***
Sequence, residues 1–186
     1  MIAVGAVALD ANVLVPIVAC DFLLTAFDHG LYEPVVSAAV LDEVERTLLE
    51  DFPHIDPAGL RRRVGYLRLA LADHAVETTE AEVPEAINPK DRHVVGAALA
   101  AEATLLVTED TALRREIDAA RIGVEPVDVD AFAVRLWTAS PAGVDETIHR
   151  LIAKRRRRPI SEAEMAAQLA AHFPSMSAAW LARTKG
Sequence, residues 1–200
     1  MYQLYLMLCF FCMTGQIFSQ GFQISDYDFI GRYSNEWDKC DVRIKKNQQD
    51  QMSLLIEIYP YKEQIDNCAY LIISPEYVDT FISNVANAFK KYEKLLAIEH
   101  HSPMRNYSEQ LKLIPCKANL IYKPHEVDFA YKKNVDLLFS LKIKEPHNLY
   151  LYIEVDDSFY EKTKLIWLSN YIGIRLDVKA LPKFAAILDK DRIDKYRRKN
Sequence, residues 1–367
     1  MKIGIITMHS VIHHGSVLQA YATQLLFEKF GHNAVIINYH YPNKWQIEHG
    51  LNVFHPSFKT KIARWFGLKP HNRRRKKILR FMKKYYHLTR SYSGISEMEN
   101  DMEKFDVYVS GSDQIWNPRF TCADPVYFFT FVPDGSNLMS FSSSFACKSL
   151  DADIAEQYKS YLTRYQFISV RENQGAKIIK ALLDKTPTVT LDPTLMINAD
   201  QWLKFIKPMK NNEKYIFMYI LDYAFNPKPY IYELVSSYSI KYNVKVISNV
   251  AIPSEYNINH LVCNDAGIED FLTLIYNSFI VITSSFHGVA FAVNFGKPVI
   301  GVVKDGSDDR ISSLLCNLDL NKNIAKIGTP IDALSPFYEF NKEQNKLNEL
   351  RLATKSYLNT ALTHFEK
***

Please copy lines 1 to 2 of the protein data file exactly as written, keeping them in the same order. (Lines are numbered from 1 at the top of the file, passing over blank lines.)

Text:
Sequence, residues 1–186
     1  MIAVGAVALD ANVLVPIVAC DFLLTAFDHG LYEPVVSAAV LDEVERTLLE